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Archive for 'mythology'

T is for Taniwha

T

I was brought up hearing tales from Maori mythology. Everyone in New Zealand knows of Maui who fished our country from the sea. One particular beast from the legends has always fascinated me, and that’s the taniwha.

The taniwha (pronounced tan-e-fa) is a Maori monster, a ferocious beast that ate naughty children and devoured warriors and other hapless people who found themselves in the wrong place. They live in lakes, rivers and the sea and some live in caves. Some taniwha are friendly—if the local villagers gave them regular food offerings—while others are plain nasty and kill anyone who crosses their path.

In 2002 construction on a highway in the Waikato region of New Zealand was halted because local Maori said the road works were disturbing a taniwha. The portion of road that was being improved was a bad accident site and it was said the taniwha was responsible for the high death toll.

In a Herald story, Dr Ranginui Walker said “like most cultures, Maori use mysticism to explain the inexplicable or grossly unlucky, like a branch falling from a tree and killing a man walking under it at that moment. Europeans might call it the hand of God, Maori might blame tipua, an evil spirit living in the tree. All beliefs require a leap of faith that defy rational explanation.”

The road building finally continued after consultation and negotiations between locals and Transit NZ.

Make That Man Mine

A few years ago, I wrote a taniwha shifter romance called Make That Man Mine. Here’s the blurb:

On her 25th birthday Emma Montrose decides it’s time to show bad boy investigator, Jack Sullivan she’s more than an efficient secretary. She’s a woman with needs, and she wants him.

Jack is a taniwha, a shifter, who requires women to satiate the sexual demands of the serpent within. Nothing more. Then work forces the reluctant Jack and ecstatic Emma undercover as a couple. Thrown together, pretence and reality blur generating hot sex laced with risk…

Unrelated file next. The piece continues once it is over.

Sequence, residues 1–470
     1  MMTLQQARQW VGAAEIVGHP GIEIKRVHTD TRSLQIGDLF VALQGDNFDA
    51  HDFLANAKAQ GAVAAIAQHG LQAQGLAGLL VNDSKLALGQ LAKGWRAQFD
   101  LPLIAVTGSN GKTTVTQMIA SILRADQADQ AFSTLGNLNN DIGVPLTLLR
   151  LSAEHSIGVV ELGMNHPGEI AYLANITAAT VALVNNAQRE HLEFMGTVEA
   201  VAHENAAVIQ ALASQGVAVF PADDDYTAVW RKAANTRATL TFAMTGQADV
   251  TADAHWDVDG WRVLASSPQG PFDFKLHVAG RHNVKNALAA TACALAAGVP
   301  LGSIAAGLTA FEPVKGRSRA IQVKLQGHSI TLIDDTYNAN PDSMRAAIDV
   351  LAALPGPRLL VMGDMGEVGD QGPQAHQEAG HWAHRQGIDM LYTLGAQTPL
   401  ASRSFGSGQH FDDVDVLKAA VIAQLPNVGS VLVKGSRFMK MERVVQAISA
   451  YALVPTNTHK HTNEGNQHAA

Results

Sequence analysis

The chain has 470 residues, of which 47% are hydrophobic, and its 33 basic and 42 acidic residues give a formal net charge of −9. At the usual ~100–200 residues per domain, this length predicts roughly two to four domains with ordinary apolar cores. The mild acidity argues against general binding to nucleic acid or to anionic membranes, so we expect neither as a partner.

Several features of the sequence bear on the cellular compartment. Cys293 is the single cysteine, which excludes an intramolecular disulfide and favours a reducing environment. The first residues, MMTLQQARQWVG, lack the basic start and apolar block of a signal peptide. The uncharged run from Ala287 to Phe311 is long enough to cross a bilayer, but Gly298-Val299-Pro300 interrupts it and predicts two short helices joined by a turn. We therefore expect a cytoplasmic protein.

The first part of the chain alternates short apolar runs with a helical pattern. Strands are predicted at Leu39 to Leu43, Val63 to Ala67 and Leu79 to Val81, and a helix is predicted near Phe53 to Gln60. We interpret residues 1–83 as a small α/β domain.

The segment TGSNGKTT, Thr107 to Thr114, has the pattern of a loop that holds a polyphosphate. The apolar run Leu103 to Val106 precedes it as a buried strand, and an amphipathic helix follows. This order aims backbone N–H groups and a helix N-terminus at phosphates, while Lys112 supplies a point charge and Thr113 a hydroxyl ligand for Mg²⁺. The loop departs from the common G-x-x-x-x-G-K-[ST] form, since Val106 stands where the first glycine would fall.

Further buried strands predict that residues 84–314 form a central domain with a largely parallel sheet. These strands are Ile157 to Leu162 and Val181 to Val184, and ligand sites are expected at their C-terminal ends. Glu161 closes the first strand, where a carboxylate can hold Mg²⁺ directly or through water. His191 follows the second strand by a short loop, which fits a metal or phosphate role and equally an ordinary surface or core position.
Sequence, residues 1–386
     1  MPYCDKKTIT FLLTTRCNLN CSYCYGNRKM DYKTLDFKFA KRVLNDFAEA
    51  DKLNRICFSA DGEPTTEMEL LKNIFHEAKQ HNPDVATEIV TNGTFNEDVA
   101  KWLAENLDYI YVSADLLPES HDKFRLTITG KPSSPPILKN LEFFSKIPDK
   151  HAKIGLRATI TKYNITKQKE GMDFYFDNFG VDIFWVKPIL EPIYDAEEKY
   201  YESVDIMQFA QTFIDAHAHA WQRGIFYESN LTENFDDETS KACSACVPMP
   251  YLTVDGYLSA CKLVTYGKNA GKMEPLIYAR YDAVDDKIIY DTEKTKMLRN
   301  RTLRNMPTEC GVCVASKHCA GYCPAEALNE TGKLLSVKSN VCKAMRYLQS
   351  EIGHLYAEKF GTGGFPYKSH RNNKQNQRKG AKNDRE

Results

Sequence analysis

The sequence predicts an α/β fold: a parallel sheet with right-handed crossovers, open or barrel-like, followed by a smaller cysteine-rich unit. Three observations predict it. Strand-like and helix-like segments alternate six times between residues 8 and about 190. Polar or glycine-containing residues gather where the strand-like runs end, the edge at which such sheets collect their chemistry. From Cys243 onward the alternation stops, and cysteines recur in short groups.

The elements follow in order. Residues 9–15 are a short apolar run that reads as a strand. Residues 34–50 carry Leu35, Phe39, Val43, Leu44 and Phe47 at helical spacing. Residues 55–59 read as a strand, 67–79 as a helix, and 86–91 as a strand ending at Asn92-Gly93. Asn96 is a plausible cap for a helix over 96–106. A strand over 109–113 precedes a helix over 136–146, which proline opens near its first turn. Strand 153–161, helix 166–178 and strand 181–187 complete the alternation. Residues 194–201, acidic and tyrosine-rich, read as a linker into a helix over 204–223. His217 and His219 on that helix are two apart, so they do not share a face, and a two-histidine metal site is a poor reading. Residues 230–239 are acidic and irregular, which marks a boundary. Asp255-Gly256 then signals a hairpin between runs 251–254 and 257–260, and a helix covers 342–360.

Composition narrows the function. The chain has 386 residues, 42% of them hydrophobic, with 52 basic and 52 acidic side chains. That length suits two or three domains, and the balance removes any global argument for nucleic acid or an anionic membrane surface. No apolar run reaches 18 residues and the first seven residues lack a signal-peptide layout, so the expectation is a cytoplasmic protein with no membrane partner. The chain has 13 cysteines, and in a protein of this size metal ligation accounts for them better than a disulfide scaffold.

Matau, the Giant

Lake Wakatipu, Queenstown

Like most countries, New Zealand has myths to explain the formation of various lakes and mountains. This is the legend of how Lake Wakatipu in Queenstown, New Zealand was formed.

Renowned beauty Manata lived in Otago in the South Island of New Zealand. She was popular with neighboring men and many of them wanted to take her as their wife. Manata’s father didn’t consider any of the suitors husband material.

One of her suitors was called Matakauri. He loved Manata and she loved him in return.

One day a giant called Matau stole Manata from her home and carried her away into the mountains. Manata’s father told Matakauri that if he could rescue his daughter, he’d approve of a marriage between them.

Matakauri knew that the giant always turned sleepy when the wind blew from the nor’west, and once conditions were right, he set out to rescue his love. When he arrived the giant was sound asleep.

“Come with me,” Matakauri said. “I’ll take you home.”

“The giant has tied me to him with a rope made from the skin of his two-headed dogs. It is impossible to break,” Manata cried.

Matakauri tried to cut it, but to no avail. Manata started weeping and when her tears fell on the rope it dissolved. Freed, the lovers fled to safety.

As promised, the couple married, but Matakauri worried about the giant returning and stealing his new wife. When the wind blew from the nor’west again, he sneaked up to the giant’s home and found the giant curled up and sleeping on a bed of bracken. Matakauri set fire to the bracken and the giant suffocated before he regained consciousness. The giant’s body sank deeper and deeper into the ground until he created an enormous chasm many kilometers long. His entire body was consumed by the flames, except the heart, which kept beating.